Top College to Pay Millions to Settle Lawsuit Over Shutting Down In-person Classes

A federal judge overseeing the case has granted preliminary approval to the settlement.
Top College to Pay Millions to Settle Lawsuit Over Shutting Down In-person Classes
A doctor administers a COVID-19 test in New York in a March 28, 2020, file image. (John Moore/Getty Images)
Zachary Stieber

Cornell University is preparing to pay $3 million to settle a lawsuit accusing it of improperly keeping tuition after shutting down in-person classes in 2020, according to court filings and a settlement notice.

The New York school's in-house newspaper has published a notice that it will pay into a settlement fund in order to settle the suit.

"The university denies any breach of contract and denies all other allegations of wrongdoing, and there has been no finding of liability in any court. However, considering the interests of both the university and its students in prompt resolution of the matter, the university and plaintiffs have agreed that the university will pay $3,000,000 into a settlement fund to resolve the action," the notice states.

A federal judge overseeing the case has granted preliminary approval to the settlement, with a final hearing on the matter scheduled to take place in October.

Three students brought the suit in April 2020 after Cornell shut down its campus and forced students to attend classes remotely.

Cornell said on March 5, 2020, its day-to-day operations would not be impacted by COVID-19 but stopped holding in-person classes a week later, moving all classes to online. The school also forced students who lived on the campus to leave their residences.

Martha Pollack, Cornell's president, said she understood the actions would be disruptive and disappointing, especially the switch to online classes.

"We are asking students to miss out on the enormous value of face-to-face instruction and on the camaraderie of their peers. I appreciate that this will be especially disappointing for our graduating seniors," she said at the time. "But all of these actions are necessary if we are to be responsive to the recommendations of public health officials regarding how best to slow the spread of COVID-19 and to protect the health of our community, especially of the most vulnerable among us."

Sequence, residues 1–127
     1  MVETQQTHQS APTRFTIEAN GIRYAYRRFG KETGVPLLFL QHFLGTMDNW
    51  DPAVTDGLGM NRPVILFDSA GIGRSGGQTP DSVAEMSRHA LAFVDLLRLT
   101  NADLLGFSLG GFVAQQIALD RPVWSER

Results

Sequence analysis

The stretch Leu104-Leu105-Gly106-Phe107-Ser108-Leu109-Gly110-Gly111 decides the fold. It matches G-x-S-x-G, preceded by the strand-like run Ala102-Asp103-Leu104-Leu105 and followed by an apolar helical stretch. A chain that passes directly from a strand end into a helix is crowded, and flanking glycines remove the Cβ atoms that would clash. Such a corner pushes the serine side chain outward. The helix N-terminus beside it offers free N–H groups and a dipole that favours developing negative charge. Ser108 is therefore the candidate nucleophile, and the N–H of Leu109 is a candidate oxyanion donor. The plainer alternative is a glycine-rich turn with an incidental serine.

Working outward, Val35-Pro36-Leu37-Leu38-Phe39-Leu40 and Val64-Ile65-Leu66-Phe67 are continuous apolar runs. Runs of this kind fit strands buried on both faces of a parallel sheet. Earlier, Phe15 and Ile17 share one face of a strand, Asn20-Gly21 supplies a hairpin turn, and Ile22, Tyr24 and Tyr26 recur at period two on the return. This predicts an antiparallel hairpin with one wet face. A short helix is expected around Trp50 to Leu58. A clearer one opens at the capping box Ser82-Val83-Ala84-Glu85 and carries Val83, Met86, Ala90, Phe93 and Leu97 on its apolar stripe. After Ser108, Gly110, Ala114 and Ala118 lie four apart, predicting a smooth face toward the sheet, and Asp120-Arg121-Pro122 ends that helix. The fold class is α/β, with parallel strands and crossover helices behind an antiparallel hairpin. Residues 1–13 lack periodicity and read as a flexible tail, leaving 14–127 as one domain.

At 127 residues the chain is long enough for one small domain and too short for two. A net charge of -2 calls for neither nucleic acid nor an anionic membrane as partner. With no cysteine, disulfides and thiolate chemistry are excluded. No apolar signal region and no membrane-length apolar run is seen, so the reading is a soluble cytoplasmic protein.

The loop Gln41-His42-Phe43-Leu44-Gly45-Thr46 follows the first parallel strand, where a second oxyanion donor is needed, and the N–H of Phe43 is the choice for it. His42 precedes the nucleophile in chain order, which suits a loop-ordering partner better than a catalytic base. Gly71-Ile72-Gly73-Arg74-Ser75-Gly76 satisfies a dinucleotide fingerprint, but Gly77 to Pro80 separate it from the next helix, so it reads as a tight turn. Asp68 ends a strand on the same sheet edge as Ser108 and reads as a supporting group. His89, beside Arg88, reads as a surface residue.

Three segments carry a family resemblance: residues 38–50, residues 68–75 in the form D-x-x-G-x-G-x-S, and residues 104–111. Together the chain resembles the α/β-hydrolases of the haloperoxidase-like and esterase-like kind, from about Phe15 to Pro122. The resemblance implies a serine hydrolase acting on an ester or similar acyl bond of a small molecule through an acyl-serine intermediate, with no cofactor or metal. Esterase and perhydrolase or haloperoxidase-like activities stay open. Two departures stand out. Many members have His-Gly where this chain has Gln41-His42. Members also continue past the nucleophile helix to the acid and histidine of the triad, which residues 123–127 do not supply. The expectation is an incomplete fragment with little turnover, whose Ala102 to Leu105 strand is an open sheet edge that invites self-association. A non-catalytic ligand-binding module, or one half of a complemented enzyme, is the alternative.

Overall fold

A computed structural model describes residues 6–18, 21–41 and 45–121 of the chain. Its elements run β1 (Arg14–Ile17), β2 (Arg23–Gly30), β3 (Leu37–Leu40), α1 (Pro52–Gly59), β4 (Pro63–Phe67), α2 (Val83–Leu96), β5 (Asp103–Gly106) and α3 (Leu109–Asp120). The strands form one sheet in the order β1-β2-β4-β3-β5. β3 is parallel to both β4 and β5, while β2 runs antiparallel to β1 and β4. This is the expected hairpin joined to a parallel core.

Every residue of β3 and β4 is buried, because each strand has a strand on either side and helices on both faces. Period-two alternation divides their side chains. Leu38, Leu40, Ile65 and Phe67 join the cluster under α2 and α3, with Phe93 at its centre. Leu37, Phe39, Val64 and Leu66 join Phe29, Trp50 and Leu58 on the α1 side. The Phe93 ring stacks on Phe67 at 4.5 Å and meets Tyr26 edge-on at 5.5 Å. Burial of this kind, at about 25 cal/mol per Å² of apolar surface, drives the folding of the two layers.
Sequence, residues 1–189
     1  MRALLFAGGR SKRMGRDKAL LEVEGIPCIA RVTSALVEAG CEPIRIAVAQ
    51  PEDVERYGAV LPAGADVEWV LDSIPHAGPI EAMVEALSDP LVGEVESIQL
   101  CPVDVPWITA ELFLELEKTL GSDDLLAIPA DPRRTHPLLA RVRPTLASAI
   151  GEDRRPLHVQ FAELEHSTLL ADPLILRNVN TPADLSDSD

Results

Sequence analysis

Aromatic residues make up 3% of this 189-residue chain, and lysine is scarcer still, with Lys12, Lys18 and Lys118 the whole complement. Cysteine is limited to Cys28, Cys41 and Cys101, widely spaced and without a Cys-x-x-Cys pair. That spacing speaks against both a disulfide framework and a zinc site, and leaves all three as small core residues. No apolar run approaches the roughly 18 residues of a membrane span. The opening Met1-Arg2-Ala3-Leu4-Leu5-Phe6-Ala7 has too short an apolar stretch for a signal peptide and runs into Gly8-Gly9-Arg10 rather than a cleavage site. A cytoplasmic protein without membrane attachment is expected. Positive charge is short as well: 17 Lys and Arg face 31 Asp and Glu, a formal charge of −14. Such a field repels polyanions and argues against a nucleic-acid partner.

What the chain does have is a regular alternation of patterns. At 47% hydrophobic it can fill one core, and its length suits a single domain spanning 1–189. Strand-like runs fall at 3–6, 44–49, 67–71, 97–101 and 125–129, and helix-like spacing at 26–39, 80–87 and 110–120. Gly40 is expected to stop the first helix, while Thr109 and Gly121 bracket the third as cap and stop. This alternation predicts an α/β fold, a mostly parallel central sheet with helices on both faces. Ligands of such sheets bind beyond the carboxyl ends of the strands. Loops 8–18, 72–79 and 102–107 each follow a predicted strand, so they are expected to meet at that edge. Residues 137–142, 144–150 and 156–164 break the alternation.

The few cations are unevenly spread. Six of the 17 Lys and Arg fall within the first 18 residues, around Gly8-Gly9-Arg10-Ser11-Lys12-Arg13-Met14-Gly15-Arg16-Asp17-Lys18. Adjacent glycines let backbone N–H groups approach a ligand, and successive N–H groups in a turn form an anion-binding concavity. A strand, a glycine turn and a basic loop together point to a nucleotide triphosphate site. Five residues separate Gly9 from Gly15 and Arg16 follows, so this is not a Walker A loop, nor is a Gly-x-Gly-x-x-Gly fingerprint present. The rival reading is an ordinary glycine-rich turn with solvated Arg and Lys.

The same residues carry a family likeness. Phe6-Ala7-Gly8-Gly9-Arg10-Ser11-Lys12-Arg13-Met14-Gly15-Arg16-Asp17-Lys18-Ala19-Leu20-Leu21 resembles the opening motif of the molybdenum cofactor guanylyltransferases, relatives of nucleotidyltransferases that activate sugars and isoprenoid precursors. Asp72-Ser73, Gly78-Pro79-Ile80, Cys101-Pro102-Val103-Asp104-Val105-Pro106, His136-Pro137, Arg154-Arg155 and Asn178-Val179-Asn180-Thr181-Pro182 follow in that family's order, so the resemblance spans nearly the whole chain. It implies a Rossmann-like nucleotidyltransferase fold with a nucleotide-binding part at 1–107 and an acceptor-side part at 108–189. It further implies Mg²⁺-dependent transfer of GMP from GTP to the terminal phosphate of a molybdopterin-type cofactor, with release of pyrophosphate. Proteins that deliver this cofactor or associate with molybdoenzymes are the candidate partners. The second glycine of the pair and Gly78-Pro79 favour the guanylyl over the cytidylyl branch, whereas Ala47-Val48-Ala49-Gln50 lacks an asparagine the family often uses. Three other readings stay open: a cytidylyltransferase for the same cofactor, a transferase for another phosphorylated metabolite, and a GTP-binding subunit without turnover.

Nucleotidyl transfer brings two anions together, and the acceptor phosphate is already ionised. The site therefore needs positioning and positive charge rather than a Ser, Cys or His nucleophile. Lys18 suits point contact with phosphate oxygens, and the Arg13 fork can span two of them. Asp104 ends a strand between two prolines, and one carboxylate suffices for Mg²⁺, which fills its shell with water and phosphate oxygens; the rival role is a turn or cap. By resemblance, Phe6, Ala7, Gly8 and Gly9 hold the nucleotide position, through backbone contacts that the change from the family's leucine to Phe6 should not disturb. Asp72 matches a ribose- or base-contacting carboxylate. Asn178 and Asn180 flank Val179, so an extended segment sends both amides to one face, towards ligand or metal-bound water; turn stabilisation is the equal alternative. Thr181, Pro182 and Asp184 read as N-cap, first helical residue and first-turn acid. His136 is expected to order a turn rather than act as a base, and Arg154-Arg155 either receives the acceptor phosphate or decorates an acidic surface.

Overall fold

Students had already paid tuition but were deprived of the education that was advertised by the school, the suit said.

Undergraduates at Cornell pay as much as $28,275 per semester, according to court filings.

"The online learning options being offered to Cornell students are subpar in practically every aspect, from the lack of facilities, materials, and access to faculty," the suit said. The plaintiffs, it said, were therefore entitled to a refund.

Cornell argued it had no choice in shutting down the school and would not give the money back.

The case dragged on for years before being resolved by the settlement agreement.

The agreement establishes a class of students who were enrolled for the spring 2020 semester in a program that was intended to be held in person. Students must not have withdrawn from the university on or before March 1, 2020.

Settlement administrators will pay students meeting those standards by check, mailed to their last known mailing address, the notice states.

"By participating in the proposed settlement, you release your right to bring any claim covered by the proposed settlement, including bringing any claim relating in any way to Cornell’s transition to virtual education or other services as a result of the COVID-19 pandemic beginning in March 2020," according to the notice.

Students may opt out if they want, or submit an objection if they think the settlement is not fair.

Cornell has about 25,898 students, according to the university. It is located in Ithaca, about one hour southwest of Syracuse in upstate New York.

“Cornell is pleased to have reached this settlement, which both sides believe is in the best interests of all parties,” a spokesman for the university told news outlets in a statement.

Lawyers for the plaintiffs did not respond to a request for comment.